In the waning days of Hong Kong’s 2014 student-lead Umbrella Movement, a hanging black banner read a prophetic message: We’ll Be Back. In 2019, those words came to fruition. The controversial introduction of a proposed extradition bill, allowing individuals in Hong Kong to face trial in Mainland Chinese courts, rocked the city and drew hundreds […]
In 2014, hundreds of thousands took to the streets of Taipei to protest the Cross-Strait Services Agreement—a free trade agreement between Taiwan and Beijing—believing it would give the Chinese Communist Party (CCP) too much political and economic control over the island. The protesters wielded social media and the internet to communicate, inform and mobilize. These tools did not work in a vacuum, however, and understanding their interactions with conventional media and offline associations becomes crucial. This paper demonstrates how, through one-way and interactive communications, the participants of the Sunflower Movement used digital tools to realize their demands.
The US decision to focus on civil rights and institutions as a part of an overall counter-insurgency strategy was not a mistake. The suggestion that the United States has no obligation to address women’s rights in the negotiation process because “such rights have never existed in most of Afghanistan” is an insult to the thousands of women that have sacrificed for the American ideals of freedom and equality pushed by the Allies since 2001.
It is clear that while the momentum of the Arab Uprisings of 2011 had been arrested – and, in Egypt, Syria, and Bahrain, reversed or crushed – the root causes that brought them about still exist and have, in most states, not been addressed and are “burning embers under the ashes.”
Can governments eventually learn to better utilize and appreciate the growing influence of social media? The answer is not clear, and the future of diplomacy is yet to be written.
Hardly a year goes by without learned assessments that under the pressure of internal and regional challenges, the Hashemite Kingdom of Jordan’s luck may run out. However, this “weak man” of the Middle East continues to be one of the region’s islands of relative stability.
Blockchain has swept contemporary discourse, from tech circles to governments worldwide. But many presentations of blockchain often either oversimplify what it actually is or aim at highly technical audiences. Basic historical and technical understanding are prerequisites for informed consideration of blockchain’s implications, as well as for bringing its potential to bear in new domains. Providing that understanding is the purpose of this paper.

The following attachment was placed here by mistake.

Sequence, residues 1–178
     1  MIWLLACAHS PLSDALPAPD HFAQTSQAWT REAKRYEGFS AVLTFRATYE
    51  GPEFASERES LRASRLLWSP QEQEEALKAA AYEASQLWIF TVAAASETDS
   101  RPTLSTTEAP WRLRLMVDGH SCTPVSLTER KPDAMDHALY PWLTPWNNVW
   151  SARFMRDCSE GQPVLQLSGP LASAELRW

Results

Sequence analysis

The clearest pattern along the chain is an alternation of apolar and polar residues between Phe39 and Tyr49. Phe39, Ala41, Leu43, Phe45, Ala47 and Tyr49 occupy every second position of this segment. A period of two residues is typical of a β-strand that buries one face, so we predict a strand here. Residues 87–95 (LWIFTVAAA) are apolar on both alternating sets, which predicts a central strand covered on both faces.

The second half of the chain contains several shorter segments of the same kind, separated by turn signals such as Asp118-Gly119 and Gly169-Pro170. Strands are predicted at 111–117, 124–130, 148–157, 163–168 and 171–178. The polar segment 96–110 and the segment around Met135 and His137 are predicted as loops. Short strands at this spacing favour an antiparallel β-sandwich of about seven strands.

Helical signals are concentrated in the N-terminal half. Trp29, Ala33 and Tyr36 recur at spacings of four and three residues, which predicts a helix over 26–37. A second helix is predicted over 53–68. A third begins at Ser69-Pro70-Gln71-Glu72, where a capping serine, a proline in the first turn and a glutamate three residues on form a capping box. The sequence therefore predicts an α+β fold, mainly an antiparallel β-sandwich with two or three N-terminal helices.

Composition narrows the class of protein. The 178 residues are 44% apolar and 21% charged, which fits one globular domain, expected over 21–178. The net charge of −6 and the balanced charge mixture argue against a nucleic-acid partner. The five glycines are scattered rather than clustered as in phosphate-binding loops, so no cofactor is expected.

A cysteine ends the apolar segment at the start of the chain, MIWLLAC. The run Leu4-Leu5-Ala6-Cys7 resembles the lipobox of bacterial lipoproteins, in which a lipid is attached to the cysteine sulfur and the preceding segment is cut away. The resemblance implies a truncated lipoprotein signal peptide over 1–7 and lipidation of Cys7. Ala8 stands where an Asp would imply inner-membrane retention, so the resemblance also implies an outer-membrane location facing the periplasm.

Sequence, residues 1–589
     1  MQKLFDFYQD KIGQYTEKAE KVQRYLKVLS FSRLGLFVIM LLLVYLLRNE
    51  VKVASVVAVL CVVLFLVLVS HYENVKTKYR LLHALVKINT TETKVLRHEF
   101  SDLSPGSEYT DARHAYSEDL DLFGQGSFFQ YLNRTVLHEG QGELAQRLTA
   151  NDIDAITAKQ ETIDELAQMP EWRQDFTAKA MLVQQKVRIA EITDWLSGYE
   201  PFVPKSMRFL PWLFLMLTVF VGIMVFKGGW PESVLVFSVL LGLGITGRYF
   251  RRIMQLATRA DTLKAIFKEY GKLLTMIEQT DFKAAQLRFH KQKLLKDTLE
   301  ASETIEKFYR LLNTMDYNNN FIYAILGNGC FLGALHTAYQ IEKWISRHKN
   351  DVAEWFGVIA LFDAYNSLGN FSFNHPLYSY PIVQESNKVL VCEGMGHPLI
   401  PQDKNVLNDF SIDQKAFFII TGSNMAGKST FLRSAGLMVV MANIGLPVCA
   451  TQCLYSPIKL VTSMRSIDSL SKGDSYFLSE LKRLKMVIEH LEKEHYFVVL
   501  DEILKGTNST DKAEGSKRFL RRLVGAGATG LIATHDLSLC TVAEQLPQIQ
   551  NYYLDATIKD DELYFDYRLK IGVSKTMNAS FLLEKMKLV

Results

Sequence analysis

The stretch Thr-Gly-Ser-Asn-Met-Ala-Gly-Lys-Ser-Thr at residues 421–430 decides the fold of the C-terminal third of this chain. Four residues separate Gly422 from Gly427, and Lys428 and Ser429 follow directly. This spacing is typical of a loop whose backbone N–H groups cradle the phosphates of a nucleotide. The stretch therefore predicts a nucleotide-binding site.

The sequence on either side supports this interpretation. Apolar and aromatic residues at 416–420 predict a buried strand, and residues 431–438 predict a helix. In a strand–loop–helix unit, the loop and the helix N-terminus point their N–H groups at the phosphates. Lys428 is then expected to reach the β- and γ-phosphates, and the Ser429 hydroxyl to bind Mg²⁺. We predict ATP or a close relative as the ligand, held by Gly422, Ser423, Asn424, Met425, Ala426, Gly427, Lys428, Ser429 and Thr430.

In Pushkin’s 1822 poem, Prisoner of the Caucasus, the epilogue proclaims, “And the violent cry of war fell silent: All is subject to the Russian sword. Proud sons of the Caucasus, You have fought, you have perished terribly.” The political overtones of the poem’s dénouement are jarring compared to the poem’s earlier verses on romance, natural beauty, and the heroism of the Caucasian people. But the poem’s ending reveals the complicated position of the region in Russian history and culture. The Caucasus is simultaneously a place to be controlled, otherized, and romanticized.
In terms of human development potential, Morocco is a nation of immense promise, where gifted fortunes of nature such as wide-ranging organic agricultural products come together with dynamic social development frameworks. Moroccan development opportunities could launch the country into a haven for community-managed projects and change in Africa and the Near East.
Early childhood education (ECE) should be an integral part of Kazakhastan’s Strategy 2050, argues SAIS student Brynn Koeppen. ECE would help prepare students for university and productive careers and allow more mothers to return to the workforce sooner, growing the economy. It would also help close the gap in opportunity between rural and urban areas of the country and contribute to a more cohesive society.